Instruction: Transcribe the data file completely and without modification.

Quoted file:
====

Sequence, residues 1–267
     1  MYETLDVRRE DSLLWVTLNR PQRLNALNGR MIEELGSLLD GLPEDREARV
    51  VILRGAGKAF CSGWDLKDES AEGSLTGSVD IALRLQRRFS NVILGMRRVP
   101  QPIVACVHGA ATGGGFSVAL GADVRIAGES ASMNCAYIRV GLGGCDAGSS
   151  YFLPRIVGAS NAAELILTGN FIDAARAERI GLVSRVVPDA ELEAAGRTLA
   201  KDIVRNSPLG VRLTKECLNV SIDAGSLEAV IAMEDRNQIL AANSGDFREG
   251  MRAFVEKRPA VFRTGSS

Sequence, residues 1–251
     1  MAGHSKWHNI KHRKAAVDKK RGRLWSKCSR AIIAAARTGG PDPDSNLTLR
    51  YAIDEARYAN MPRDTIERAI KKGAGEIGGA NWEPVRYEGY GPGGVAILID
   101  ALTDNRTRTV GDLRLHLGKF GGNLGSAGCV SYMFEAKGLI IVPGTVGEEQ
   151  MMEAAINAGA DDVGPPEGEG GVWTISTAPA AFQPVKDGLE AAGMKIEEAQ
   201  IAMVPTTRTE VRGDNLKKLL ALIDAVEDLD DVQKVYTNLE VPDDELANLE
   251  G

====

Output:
Sequence, residues 1–267
     1  MYETLDVRRE DSLLWVTLNR PQRLNALNGR MIEELGSLLD GLPEDREARV
    51  VILRGAGKAF CSGWDLKDES AEGSLTGSVD IALRLQRRFS NVILGMRRVP
   101  QPIVACVHGA ATGGGFSVAL GADVRIAGES ASMNCAYIRV GLGGCDAGSS
   151  YFLPRIVGAS NAAELILTGN FIDAARAERI GLVSRVVPDA ELEAAGRTLA
   201  KDIVRNSPLG VRLTKECLNV SIDAGSLEAV IAMEDRNQIL AANSGDFREG
   251  MRAFVEKRPA VFRTGSS

Sequence, residues 1–251
     1  MAGHSKWHNI KHRKAAVDKK RGRLWSKCSR AIIAAARTGG PDPDSNLTLR
    51  YAIDEARYAN MPRDTIERAI KKGAGEIGGA NWEPVRYEGY GPGGVAILID
   101  ALTDNRTRTV GDLRLHLGKF GGNLGSAGCV SYMFEAKGLI IVPGTVGEEQ
   151  MMEAAINAGA DDVGPPEGEG GVWTISTAPA AFQPVKDGLE AAGMKIEEAQ
   201  IAMVPTTRTE VRGDNLKKLL ALIDAVEDLD DVQKVYTNLE VPDDELANLE
   251  G